Norwich’s newest judge said yesterday it was important for his profession to show its human side when dealing with criminal cases.

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Speaking on his first full day at Norwich Crown Court since being called to the circuit bench, Judge Mark Lucraft said judges had been given a more human face over his 27 years in the legal profession and he said it was important for them to consider the human effects in cases they dealt with.

Judge Lucraft said: “Judges are human beings and sometimes they give the impression they are aloof from the society they are part of. I would like to think judges have become more human, or given a human face.”

Judge Lucraft also gave his backing to plans to make the court system more hi-tech.

Norwich Crown Court was one of the first courts in the country to trial a “paperless” system in December, and Judge Lucraft said he would use his laptop and iPad in court.

He said: “If you look around to most other industries, most have had to adapt to modern technology and go digital. I’m all in favour of it.”

Judge Lucraft has joined the Norwich Crown Court from London chambers, 18 Red Lion Court, where he worked as a barrister on some of the most high profile cases in the country.

He was part of the team investigating fraud following the death of Robert Maxwell – the media mogul and former MP who was found dead in 1991 by his luxury yacht in the Canary Islands.

He said: “I was instructed about a week after he disappeared. It was the most interesting case I dealt with.”

The 50-year-old was involved with the Maxwell case for seven years and also worked on the investigation into allegations British Airways and Virgin Atlantic were price fixing passenger fuel surcharges.

In 2007 BA admitted it had colluded with Virgin Atlantic in fixing the charges on long haul flights from August 2004 to January 2006.

BA was fined £121.5m which was reduced to £58.5m, while Virgin escaped without a fine after reporting the scandal to Office of Fair Trading.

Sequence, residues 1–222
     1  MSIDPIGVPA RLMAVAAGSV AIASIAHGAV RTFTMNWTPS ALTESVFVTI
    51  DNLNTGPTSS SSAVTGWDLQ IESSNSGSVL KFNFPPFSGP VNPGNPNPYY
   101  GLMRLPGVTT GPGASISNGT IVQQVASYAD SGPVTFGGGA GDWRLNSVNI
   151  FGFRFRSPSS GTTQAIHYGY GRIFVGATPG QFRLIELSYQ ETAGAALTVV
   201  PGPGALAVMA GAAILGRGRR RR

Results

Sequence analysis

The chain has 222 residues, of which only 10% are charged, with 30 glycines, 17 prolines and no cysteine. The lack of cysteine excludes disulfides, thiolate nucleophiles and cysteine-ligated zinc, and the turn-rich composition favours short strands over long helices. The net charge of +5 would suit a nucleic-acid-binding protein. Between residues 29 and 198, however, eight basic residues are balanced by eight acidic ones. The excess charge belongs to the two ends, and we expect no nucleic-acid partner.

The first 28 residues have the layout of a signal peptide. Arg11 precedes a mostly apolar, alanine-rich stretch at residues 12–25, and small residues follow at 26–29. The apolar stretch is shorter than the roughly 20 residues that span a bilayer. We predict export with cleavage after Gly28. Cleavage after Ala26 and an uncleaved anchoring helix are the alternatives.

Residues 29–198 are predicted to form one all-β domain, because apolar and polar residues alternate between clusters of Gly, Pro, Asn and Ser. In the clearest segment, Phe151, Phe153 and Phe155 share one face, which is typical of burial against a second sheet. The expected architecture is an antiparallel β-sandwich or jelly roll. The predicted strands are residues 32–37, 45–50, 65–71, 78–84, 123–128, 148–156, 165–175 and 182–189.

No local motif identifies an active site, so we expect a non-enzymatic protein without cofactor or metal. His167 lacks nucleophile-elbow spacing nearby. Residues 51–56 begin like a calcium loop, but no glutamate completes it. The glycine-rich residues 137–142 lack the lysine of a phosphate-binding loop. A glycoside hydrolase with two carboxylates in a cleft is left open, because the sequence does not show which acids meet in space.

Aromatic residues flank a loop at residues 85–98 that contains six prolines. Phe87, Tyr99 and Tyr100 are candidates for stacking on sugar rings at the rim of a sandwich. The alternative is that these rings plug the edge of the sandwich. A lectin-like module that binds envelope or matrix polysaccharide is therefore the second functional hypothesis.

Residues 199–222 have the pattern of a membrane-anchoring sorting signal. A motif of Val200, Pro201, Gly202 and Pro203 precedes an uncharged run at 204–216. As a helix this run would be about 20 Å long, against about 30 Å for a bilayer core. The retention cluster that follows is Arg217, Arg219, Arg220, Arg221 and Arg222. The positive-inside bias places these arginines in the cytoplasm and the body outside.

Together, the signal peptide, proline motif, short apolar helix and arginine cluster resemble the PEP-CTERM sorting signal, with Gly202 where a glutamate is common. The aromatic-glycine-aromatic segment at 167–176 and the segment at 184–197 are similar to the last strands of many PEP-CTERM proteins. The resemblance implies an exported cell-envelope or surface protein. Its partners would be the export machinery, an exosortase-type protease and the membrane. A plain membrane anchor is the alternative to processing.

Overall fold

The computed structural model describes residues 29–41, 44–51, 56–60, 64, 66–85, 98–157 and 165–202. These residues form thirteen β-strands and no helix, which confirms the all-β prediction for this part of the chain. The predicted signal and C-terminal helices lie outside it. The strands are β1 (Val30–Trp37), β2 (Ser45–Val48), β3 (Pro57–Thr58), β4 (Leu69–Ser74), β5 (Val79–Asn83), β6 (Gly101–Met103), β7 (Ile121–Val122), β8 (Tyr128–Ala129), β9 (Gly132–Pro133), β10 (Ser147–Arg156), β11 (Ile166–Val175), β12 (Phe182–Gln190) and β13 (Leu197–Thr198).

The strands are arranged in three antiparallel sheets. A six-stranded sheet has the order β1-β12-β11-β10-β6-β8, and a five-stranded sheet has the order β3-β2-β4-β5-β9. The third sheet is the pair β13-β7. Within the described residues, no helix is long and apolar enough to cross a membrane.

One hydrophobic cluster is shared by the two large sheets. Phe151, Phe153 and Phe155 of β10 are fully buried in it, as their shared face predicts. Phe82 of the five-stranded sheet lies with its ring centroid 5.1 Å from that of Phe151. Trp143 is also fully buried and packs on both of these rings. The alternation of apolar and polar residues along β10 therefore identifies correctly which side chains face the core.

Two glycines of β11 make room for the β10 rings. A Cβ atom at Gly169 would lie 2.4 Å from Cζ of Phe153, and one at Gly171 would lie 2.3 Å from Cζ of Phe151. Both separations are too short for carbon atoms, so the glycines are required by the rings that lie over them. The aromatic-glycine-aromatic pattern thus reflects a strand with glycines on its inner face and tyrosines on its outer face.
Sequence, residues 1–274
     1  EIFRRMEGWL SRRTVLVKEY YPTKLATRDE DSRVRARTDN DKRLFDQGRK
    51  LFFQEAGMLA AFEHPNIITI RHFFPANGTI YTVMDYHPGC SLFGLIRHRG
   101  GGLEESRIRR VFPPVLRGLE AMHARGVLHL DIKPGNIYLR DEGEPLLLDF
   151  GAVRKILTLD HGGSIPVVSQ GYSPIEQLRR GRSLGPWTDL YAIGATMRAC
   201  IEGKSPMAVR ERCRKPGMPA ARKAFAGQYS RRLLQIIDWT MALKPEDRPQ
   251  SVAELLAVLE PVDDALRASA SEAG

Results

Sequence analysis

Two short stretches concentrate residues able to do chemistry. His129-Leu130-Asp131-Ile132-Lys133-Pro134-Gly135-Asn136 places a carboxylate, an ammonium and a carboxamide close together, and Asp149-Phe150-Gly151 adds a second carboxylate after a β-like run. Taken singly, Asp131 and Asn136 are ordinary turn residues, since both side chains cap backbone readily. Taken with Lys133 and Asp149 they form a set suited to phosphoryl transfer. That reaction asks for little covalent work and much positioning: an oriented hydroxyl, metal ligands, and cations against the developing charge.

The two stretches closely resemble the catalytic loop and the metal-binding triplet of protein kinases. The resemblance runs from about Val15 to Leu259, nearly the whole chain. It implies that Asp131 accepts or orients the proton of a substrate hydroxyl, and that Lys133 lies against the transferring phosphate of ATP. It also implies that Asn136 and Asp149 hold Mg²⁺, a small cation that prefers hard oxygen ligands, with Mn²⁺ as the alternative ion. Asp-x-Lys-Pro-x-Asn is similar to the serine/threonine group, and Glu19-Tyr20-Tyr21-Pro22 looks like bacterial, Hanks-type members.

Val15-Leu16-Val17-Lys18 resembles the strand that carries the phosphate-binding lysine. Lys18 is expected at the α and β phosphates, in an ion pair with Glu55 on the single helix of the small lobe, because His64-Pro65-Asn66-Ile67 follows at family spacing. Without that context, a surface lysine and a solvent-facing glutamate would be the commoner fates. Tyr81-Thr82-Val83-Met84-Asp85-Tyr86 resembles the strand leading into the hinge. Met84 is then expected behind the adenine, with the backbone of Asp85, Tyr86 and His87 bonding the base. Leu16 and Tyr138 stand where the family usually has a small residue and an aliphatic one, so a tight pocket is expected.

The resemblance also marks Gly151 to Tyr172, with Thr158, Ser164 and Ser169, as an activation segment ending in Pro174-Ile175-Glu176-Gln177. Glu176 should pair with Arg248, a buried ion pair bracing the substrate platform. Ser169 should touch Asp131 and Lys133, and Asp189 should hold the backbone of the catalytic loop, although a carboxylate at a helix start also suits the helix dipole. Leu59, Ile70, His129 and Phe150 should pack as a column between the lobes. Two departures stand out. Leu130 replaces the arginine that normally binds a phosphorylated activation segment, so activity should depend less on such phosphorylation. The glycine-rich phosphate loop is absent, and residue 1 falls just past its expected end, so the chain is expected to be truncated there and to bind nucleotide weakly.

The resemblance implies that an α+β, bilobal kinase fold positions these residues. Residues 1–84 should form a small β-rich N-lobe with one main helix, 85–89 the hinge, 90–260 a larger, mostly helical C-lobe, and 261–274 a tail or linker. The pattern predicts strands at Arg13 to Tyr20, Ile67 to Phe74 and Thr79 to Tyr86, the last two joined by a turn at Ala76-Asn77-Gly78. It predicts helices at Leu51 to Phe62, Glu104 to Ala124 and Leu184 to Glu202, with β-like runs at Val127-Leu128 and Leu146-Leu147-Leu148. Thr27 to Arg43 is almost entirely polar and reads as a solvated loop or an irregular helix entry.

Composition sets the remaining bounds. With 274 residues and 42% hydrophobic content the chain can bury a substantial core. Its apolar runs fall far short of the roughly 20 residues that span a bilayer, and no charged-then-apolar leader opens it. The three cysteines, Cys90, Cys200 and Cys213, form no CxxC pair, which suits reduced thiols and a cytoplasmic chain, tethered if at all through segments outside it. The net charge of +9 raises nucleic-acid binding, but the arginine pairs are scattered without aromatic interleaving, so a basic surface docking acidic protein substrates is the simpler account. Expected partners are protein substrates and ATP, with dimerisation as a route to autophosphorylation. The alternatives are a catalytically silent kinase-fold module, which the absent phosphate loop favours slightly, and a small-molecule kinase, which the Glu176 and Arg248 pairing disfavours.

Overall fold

He was also instructed to prosecute manslaughter and health and safety charges from the Hatfield rail crash in October 2000, in which four people died and 120 were injured.

Born in Southend, he studied law at Canterbury and went on to law school to study to be a barrister.

Judge Lucraft was called to the bar in 1985 and spent most of his career specialising in fraud cases and road accidents.

He applied to become a judge after his experiences of hearing cases as a recorder.

He said: “I have sat quite a bit as a recorder and I enjoyed the challenge of sitting.

“It is very different from being a barrister.”

Judge Lucraft will commute each day from Ely, where he lives with his wife and three sons, aged 23, 21 and 17.

He said: “I’m expecting to see the complete range of criminal offences that take place in Norfolk.”

In a speech at the court on Wednesday, Judge Nicholas Coleman welcomed the “injection of fresh judicial blood”.

With Judge Alasdair Darroch and Judge Peter Jacobs, recorder of Norwich, nearing retirement, more changes at Norwich Crown Court are likely.

Judge Coleman said: “We all hope, and indeed expect, you will embrace and continue all that is good in the administration of justice of this renowned crown court.

“We all recognise that times are difficult.

“Court staff numbers are reduced. The bar is under pressure. Yet through it the system doggedly persists in delivering first class justice. I’m sure you will contribute handsomely to that precious commodity which we all hold dear – namely a fair trial for all accused, no matter what they are said to have done.”

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